Monday, June 06, 2005


Over lunch today I was perusing the latest issue of STATUS, which is the publication of the American Astronomical Society's Committee on the Status of Women in Astronomy. If you don't receive the paper copy, you can read it here: June 2005 STATUS.

I, of course, appreciate all the hard work that all the CSWA people do. But I always feel like there is an implicit assumption they are making, which is that it is "bad" to go into teaching and "good" to go into research. Or, that you go into teaching when you can't get a "good" research job. For example, in the article by Virginia Valian, who works on gender equity, she says:

"[...] people at institutions with heavy teaching responsibilities, few resources and insufficient staff have neither the time nor the money to perform the scholarly research they were trained for and that might win them jobs at more prestigious institutions. Women are overrepresented at such underfunded institutions, where they cannot reach their full potential."

I agree that at a "teaching institution" there is little time and money for research, and therefore scientists are not necessarily spending time on what they were trained to do (research). I think what irks me is the judgement that somehow those of us who teach are not reaching our "full potential." What if people choose to teach because that's what they're very good at, or that's the need they see in society that they would like to fill, or because of hundreds of other reasons that influence people's career choices? Instead, it always sounds like the people who "had no choice" end up at these "teaching" places.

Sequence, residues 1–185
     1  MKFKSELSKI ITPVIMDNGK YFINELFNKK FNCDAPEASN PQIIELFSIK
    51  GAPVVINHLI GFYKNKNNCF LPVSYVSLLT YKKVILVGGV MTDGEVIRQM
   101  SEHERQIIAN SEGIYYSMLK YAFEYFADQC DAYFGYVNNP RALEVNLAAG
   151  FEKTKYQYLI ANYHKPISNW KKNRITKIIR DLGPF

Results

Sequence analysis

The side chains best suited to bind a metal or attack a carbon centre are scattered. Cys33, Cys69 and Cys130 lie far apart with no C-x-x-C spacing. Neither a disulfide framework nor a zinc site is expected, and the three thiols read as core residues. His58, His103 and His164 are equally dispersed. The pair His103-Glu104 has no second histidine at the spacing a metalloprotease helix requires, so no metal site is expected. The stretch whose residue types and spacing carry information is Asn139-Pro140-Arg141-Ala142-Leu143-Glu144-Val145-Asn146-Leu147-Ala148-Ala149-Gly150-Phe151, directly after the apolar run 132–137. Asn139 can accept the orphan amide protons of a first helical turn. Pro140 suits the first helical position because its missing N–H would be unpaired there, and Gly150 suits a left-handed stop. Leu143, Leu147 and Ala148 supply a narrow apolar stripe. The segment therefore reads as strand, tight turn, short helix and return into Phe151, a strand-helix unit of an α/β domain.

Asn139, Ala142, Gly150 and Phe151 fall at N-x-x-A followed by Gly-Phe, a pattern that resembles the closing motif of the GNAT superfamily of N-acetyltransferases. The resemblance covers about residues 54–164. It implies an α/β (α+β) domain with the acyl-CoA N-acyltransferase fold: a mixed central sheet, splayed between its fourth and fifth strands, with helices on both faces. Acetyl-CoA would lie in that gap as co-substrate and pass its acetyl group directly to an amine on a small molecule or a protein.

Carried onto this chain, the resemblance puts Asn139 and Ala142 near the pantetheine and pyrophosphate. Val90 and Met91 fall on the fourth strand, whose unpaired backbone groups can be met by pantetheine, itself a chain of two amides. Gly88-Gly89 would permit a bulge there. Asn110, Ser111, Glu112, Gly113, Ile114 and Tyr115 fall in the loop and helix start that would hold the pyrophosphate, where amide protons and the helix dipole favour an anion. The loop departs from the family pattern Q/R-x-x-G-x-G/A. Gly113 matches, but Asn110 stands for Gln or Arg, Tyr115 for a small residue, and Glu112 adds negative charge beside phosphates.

But anyhow ...

Speaking of implicit assumptions, the work going on at Harvard on implicit associations is very interesting. Researchers are investigating implicit prejudices that we have (whether we mean to act on them or not.) Want to test yourself? Visit Project Implicit.


At 2:13 PM, Blogger hoagieboy said...

Nice post.

I think it ends up being an echo chamber for these people. You don't get to positions of power and influence within AAS (yeah, even Status) without having research credentials. When those people look at the world they see it through the lens of research. Their commentary on the world of astronomy then influences others to have the same beliefs about the importance of research to teaching. No one in the field ends up being happy to be a teacher (except for you).

Still learning about my initial preferences. . .

At 2:33 PM, Blogger maki-girl said...

I guess you're right about it being an echo chamber. I feel like I should do something to try to change that mentality, but at the same time I feel myself withdrawing from this whole "research" world. They already count me as leaking out of the pipeline anyways. Hmmmm. Then I think, why should I care? I like what I do, I make a difference (as small as it is), and I don't have to sit around measuring my office square-footage and complaining about being disrespected by the men around here.

At 2:34 PM, Blogger maki-girl said...

So far, according to Project Implicit, I think men are better at science and I prefer white people over black people :(

At 5:46 PM, Blogger hoagieboy said...

There's something in addition that I'm not quite grasping in the article. She identifies that there is an overrepresentation of women in teaching focused jobs, but she only questions that in terms of those women not doing research. Is there a deeper issue that's more important in terms of the distribution of labor in astronomy. Read that in connection to the gradschool advise column, and I think you might see where I'll go with it when I get a chance to write again.

At 6:04 PM, Blogger Blog World said...

You don't take a photograph, you make it.
Ansel Adams- Posters.


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